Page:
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I'm Just Confused


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Hi everyone.

My grandmother passed away last Wednesday and the services were yesterday. I was there when she left this world...and I have never experienced anything like that before. I have cried, pulled together with my family, talked about her and I guess that some small part of me thought that after the funeral, everything would go back to normal. I am back at work today and I feel so weird. I am super-sensitive and I feel empty. I feel like I don't have a right to grieve that much, because she was my grandmother...that my aunts and my dad have more right to grief than I do. But I was really close to her and considered her like a mom. There's just so much going through my head and I can't concentrate on anything. I feel useless at work and it's generating fears of getting fired. That sounds ridiculous, right? And I am afraid that others that I am close to, are going to want me to move on quickly and if I don't, if I show them how I feel, they will not want to be around me anymore. This is just so much harder than I thought it would be and I needed to talk to someone else that understood. I needed to know that I am not crazy or being overly dramatic. I am in therapy and I have an appt tomorrow, so that's something I am grateful for. Because of my past, I have experience with group recovery and this is the first thing that I thought of to try. I would appreciate any experience you could share.

Thanks.

T

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Dear Tatstar,

I am so sorry to hear of the recent death of your grandmother. I wanted to let you know that you are not alone out there, there are others here reading what you are writing. Losing a loved one is so difficult, and trying to second guess your grief and judge your progress only makes it more difficult. It is a part of your loving your grandma that saying good-bye to her is so hard.

You wrote: I have cried, pulled together with my family, talked about her and I guess that some small part of me thought that after the funeral, everything would go back to normal.

The easiest way I can say this is that "normal" changed when you experienced the death of your loved one. And anyone who wants you to get back to normal is really being selfish. They don't know how to deal with your pain, and that makes them uncomfortable, so if they can guilt you into pretending that everything is fine, stuffing your emotions inside, they feel better. But trust me, you won't.

I feel like I don't have a right to grieve that much, because she was my grandmother...that my aunts and my dad have more right to grief than I do. But I was really close to her and considered her like a mom.

You have every right to grieve for your grandmother, your relationship with her was unique to the two of you. No other was like that, and there is not one person who loved her and had a relationship with her that was more important than the other one. We humans are capable of loving more than one person at a time, and each relationship is special. Your dad and your aunts grief is different from yours yes, it is also different for each of them.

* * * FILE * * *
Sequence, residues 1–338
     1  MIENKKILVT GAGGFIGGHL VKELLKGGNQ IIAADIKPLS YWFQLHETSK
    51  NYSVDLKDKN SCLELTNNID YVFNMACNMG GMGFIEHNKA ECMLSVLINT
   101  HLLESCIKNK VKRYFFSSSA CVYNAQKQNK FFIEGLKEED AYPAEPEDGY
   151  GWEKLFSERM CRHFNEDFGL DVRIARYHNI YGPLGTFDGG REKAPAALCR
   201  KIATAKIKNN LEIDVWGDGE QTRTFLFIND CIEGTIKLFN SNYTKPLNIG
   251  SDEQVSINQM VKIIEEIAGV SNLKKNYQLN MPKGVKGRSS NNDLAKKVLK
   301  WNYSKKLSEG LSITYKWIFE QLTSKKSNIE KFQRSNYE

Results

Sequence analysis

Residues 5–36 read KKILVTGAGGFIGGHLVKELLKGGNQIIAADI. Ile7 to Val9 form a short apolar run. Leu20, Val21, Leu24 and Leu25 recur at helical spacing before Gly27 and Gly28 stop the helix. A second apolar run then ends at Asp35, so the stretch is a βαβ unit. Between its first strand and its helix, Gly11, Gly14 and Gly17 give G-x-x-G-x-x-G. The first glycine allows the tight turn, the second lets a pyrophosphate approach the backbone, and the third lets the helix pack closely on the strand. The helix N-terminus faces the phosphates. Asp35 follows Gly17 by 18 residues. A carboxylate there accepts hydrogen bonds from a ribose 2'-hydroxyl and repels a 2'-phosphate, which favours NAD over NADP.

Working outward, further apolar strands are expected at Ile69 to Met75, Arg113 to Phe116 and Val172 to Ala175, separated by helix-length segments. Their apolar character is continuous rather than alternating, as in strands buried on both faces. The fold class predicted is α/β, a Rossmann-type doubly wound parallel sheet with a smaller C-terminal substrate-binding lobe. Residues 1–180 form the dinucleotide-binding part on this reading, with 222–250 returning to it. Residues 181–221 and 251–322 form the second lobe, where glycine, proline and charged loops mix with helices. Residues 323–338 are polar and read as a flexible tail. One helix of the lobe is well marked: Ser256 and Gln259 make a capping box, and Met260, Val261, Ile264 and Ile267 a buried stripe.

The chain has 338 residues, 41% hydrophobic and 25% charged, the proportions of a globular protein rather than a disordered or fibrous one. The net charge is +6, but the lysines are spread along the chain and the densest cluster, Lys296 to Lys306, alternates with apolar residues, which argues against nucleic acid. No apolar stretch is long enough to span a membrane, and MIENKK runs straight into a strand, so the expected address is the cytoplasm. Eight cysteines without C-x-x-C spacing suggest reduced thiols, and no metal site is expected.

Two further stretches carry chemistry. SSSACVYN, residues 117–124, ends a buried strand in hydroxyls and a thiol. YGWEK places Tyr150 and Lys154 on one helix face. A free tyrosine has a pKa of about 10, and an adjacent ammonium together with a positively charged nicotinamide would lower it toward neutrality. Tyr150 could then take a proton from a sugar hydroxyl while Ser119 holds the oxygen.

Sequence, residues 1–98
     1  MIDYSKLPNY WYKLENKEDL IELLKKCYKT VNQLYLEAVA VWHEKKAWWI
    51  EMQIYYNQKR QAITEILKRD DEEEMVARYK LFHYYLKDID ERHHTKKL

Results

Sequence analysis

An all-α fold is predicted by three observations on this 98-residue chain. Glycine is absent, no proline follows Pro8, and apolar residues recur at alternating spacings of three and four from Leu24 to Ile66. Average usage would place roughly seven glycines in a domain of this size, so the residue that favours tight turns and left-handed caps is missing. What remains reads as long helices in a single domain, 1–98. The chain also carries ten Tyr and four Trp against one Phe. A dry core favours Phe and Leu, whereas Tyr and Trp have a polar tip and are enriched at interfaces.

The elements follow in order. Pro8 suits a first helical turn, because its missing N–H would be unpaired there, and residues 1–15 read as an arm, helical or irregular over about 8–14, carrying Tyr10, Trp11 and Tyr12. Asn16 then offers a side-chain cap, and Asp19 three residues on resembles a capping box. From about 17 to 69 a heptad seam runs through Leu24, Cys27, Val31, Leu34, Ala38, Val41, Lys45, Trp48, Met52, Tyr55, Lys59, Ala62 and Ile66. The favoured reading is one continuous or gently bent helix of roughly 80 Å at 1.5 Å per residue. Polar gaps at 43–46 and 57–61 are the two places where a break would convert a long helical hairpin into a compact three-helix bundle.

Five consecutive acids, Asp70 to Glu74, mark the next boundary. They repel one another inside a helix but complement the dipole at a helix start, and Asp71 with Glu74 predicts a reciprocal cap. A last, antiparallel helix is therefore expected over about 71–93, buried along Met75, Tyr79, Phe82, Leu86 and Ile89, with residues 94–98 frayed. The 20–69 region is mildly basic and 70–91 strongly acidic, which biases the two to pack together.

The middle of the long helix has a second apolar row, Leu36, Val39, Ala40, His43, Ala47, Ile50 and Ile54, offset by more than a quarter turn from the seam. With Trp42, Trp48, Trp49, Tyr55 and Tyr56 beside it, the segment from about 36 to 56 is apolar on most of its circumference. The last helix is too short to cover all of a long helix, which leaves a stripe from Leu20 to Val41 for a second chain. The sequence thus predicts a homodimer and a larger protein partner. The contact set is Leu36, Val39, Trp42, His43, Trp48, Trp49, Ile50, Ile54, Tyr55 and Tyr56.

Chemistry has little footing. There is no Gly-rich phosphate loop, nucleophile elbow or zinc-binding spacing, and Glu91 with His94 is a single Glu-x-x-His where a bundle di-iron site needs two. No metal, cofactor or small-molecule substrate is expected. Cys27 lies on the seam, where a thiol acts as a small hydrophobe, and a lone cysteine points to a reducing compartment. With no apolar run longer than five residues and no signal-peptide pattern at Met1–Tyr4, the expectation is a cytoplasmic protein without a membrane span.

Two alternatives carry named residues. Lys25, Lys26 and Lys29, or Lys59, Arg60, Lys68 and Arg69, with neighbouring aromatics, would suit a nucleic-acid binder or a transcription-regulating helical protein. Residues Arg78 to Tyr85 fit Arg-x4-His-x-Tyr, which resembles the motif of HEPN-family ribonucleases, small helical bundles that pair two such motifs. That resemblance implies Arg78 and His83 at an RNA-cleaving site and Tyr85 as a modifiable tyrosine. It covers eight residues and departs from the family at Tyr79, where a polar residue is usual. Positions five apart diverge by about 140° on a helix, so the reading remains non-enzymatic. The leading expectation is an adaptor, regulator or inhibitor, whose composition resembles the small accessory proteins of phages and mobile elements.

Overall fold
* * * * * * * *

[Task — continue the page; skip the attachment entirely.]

You also mentioned that you were feeling useless, super sensitive, empty, unable to concentrate, etc. All are words that I used to describe myself after my husband passed away suddenly. I thought for sure that something was wrong with the way that I was moving through this grief process, and would get down really hard on myself. My relief came when I got with others that had experienced loss and found that those terms are just another way to describe the grieving journey.

I am glad to hear that you have access to a therapist to talk this over with. Just remember, no one knows how much of a role your grandmother played in your life but you and her. Keep her memory in your heart, speak of her and your times together often, and cry those tears of sadness that you will miss her physical presence in your life. This will keep her with you at all times.

Thinking of you tonight,

Love and Blessings,

Lynda(bobsgal)

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Dear T,

Sorry about your grandmother. I am also in therapy and many times you will find things out through this whole process that will make you a stronger person. I think this learning is a big part of life and everybody talks about grief and theorizes about this and that but the reality is that it is very personal for each person. You have to walk that path yourself. Even so, that doesn't mean you can't reach out to people for a break along the way. I think grief is just bizarre. I have never felt numb like this before and I try to snap out of my bad moods little by little. I find that talking with other people about their losses not only helps me understand that death is just a part of life, but usually that other person feels touched that someone else would be interested in them that I feel good connecting and contributing in that way. Don't feel guilty about your sadness, I'm glad you had such a great relationship with your grandmother that you would miss her this much.

Hans

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